From this point, these two fundamental principles, work demands and job control or decision latitude, is appropriate for further investigation, as it can provide insight in predicting mental strain. According to Karasek’s (1979) Job Demand-control model, work demands are occupational stressors where work inflicts on the worker and they can include working with speed and efficiency, the volume of work, the speed of work, conflicting tasks and demands, inadequate time and insufficient resources. Decision latitude includes decision authority and unrestricted control that workers can exercise control how their work will be completed, as well as skill discretion, which ascribes to the occasion to utilize an array of skills on the job (Karasek, 1979). Mental strain can be a result of heavy work load and low decision latitude or control (Karasek, 1979). In essence, heavy work demands induce worker’s level of arousal, typically accompanied by an increased heart rate, increased adrenalin, increased breathing rate and higher blood pressure (Karasek, 1979). According to Karasek, 1979, in a high control job, the worker has the ability to channel his or her own coping response to effectively reduce the arousal level. In a low job control, the employee’s unresolved strain may in turn accumulate and as it builds up can eventually manifest themselves as cardiovascular disease, emotional exhaustion, anxiety, depression, or psychosomatic related ailments (Fox et al., 1993; Karasek, 1979; Schaubroeck and Merritt, 1997, Cole et al., 2002; Perbellini, 2004).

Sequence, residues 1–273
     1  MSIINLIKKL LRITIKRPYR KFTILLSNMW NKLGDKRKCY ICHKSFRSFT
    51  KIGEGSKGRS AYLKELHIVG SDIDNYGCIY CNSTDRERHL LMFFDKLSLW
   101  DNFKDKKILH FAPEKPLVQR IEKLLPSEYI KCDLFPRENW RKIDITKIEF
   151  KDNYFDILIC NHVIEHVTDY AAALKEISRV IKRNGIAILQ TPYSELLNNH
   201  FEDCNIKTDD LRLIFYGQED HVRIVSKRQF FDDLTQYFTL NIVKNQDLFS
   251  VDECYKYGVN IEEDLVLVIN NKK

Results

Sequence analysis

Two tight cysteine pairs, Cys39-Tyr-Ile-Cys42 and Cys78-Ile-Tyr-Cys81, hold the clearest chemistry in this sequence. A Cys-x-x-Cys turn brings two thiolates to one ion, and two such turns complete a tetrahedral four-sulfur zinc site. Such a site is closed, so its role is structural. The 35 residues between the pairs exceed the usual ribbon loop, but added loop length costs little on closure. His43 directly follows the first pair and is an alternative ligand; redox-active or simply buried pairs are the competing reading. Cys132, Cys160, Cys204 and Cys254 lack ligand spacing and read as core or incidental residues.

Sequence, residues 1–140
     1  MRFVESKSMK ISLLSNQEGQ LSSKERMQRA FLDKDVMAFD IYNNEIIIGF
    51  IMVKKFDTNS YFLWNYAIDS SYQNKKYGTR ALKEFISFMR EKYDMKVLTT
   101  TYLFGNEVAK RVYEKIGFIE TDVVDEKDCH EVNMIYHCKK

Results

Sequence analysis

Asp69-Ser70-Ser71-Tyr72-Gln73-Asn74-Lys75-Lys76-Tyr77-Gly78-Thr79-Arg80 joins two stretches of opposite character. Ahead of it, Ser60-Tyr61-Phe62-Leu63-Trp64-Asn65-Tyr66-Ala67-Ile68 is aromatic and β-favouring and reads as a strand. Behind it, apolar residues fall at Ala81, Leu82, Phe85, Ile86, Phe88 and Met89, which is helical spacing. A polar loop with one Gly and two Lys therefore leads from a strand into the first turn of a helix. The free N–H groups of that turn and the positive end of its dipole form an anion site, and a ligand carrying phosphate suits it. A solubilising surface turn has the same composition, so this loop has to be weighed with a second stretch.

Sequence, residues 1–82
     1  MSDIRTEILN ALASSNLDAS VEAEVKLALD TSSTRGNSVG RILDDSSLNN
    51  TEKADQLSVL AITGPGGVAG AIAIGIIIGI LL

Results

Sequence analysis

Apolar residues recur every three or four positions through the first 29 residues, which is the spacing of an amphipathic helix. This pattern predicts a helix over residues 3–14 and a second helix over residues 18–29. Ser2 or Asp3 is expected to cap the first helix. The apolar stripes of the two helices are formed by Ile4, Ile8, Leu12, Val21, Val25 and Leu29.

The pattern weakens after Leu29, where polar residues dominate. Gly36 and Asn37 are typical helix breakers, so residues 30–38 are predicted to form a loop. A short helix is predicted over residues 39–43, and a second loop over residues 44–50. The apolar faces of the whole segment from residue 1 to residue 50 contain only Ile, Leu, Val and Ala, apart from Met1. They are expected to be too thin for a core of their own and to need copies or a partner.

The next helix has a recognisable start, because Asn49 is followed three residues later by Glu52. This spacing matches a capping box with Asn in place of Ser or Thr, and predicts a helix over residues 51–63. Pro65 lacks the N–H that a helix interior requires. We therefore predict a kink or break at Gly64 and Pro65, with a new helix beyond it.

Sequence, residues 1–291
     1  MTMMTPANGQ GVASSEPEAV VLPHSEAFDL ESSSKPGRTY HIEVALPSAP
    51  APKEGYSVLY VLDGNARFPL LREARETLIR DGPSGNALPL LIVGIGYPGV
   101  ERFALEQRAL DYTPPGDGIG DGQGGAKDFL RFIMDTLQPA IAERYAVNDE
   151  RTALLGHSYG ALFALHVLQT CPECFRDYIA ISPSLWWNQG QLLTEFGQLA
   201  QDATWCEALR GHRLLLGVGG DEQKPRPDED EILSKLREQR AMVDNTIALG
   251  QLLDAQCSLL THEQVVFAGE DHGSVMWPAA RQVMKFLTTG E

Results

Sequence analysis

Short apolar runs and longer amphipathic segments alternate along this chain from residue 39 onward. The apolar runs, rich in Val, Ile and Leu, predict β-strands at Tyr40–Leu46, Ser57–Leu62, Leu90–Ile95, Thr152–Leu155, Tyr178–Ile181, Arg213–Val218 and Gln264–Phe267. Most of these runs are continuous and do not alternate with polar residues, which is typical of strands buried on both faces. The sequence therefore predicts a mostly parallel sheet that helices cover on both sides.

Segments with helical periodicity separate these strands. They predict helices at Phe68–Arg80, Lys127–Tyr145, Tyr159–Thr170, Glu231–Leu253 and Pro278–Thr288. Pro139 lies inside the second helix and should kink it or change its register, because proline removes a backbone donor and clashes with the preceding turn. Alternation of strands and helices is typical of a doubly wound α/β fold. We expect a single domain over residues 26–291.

Karasek et al. expanded the model in 1982, to include social support as a third element and as an important aspect of today’s work environment. This review found that social and emotional support through colleagues, supervisors, social activities and informal rituals have beneficial effects in behavioral responses to stress. It provides a buffer between the stressors and the individual and is consistent with the idea that it may also facilitate coping patterns within the worker. Accordingly, the increased threat of illnesses is found in jobs with high work demands, low decision latitude (described as low intellectual discretion and low personal scheduled freedom) and little social support (Karasek et al., 1982.